Treatment of mental illnesses depends on many factors. Each individual case is different and treated slightly differently. Starting treatment early helps to improve the effectiveness of treatment. Another way to improve effectiveness is to be actively involved in your own treatment. This means sticking to schedules you set yourself, taking your medication regularly, spending time reflecting and relaxing and identifying and avoiding triggers.
If you or anyone you know begins to experience symptoms, seek professional support from a psychologist and/or physiatrist. Your therapy is made up of multiple components – professional help being at the core. Regular therapy sessions, the right medication as prescribed by a doctor, reflection and relaxation and a solid support structure are all some examples of what one can expect during your treatment.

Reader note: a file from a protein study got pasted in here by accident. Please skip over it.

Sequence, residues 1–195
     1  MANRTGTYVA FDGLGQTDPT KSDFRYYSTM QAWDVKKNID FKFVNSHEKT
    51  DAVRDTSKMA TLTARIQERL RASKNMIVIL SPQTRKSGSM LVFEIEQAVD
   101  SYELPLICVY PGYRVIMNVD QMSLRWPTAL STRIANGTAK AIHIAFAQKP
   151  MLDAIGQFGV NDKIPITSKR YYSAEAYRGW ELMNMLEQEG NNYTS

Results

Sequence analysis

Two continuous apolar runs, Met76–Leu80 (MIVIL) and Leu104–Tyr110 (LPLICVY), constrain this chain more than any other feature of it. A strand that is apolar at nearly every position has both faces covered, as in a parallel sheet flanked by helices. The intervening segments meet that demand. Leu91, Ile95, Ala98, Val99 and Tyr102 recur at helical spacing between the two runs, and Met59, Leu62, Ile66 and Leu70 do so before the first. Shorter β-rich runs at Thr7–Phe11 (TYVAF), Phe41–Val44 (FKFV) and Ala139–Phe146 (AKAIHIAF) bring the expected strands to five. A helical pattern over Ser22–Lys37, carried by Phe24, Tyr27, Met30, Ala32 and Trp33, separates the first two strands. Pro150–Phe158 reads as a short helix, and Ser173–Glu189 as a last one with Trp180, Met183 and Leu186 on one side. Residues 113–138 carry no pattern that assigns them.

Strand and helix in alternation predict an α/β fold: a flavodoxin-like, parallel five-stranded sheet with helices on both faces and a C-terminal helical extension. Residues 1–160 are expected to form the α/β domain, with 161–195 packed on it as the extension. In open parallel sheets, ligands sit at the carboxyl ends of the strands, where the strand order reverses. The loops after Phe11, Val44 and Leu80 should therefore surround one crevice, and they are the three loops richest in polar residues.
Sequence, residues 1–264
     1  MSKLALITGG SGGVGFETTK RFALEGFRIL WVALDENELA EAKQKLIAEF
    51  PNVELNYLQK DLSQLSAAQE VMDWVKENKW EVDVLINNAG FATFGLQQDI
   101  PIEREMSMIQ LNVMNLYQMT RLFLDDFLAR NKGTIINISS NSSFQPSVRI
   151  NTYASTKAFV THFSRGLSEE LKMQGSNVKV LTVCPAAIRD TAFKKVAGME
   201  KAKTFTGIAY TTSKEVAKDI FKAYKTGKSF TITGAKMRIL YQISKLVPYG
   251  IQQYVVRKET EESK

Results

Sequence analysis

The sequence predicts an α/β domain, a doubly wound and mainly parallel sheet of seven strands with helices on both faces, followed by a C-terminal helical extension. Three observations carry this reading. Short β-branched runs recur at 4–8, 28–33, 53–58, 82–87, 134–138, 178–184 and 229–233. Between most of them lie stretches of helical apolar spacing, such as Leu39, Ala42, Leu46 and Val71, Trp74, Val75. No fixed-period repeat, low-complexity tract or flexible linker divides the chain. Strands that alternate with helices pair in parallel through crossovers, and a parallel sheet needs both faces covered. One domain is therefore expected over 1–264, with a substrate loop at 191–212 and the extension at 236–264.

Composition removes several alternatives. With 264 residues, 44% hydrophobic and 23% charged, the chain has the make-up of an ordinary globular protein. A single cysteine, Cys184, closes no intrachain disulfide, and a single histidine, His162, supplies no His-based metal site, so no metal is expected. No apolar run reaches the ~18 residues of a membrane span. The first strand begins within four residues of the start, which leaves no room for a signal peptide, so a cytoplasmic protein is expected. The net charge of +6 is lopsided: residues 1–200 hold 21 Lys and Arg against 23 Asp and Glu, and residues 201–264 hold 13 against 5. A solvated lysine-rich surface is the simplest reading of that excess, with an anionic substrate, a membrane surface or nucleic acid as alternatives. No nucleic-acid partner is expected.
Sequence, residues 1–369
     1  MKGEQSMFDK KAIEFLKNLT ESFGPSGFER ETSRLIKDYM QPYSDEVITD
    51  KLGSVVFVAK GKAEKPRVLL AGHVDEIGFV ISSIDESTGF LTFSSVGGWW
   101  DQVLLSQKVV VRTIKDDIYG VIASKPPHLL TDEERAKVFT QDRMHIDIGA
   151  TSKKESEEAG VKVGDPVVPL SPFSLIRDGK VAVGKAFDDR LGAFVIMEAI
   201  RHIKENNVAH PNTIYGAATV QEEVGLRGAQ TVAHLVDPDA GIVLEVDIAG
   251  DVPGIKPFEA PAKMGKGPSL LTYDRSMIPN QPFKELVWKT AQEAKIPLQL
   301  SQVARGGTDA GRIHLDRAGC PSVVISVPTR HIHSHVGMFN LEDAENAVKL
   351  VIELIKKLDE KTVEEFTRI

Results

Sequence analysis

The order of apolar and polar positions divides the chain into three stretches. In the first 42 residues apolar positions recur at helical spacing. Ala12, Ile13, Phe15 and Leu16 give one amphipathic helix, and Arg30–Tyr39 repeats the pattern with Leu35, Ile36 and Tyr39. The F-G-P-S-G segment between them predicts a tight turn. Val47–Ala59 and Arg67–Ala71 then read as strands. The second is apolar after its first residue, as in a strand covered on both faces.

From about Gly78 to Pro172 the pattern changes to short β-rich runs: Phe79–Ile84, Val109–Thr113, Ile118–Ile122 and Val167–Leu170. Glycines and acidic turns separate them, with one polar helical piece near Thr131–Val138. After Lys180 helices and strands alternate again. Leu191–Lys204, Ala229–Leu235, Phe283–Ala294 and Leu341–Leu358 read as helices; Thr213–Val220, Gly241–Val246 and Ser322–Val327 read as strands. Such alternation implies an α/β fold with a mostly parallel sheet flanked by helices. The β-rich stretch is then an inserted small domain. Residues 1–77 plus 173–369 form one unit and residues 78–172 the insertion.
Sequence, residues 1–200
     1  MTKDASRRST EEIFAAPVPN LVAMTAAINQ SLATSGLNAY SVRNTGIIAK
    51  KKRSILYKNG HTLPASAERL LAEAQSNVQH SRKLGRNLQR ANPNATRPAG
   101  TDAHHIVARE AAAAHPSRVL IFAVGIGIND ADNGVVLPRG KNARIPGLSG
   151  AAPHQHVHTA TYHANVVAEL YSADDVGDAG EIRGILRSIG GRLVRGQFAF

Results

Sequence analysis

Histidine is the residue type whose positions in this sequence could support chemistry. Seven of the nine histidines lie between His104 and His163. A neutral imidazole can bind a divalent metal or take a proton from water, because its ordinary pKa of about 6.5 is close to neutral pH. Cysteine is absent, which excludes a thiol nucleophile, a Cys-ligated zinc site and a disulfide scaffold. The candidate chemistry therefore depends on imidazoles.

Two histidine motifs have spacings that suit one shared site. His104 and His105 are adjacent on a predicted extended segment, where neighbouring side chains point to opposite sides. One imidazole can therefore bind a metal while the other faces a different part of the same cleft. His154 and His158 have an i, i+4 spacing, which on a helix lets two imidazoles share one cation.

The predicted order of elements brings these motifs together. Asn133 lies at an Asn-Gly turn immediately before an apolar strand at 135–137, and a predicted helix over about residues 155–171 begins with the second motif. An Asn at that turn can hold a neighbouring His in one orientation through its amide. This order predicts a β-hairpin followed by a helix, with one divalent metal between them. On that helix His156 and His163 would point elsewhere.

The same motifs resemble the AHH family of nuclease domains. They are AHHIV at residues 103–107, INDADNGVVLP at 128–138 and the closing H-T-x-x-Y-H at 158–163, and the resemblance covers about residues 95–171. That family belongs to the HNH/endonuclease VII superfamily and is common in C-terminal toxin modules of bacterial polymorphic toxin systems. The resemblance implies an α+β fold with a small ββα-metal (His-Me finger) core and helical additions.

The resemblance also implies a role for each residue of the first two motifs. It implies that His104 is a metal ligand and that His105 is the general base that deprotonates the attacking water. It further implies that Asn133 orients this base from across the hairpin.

If your doctor considers it necessary, he/she might admit you into a clinic for psychological treatment. These clinics are designed to provide you a safe and controlled environment. They work to make you accustomed to routine, a very helpful tool in fighting mental illness. They also promote activities such as keeping a daily journal, attending daily occupational therapy, daily group therapy and daily relaxation therapy. During a stay at one of these clinics, a patient can also expect daily therapy sessions with their phycologists in order to guide you into a mindset of healing, and your psychiatrist, who takes advantage of the controlled environment offered by the clinic to fine-tune your medication.
A mental illness can be just as hazardous and deadly as cancer. If not more. It is crucial for each of us to be aware of the signs, symptoms and treatment options of mental illness, and to raise awareness and concern for mental illness in our own communities.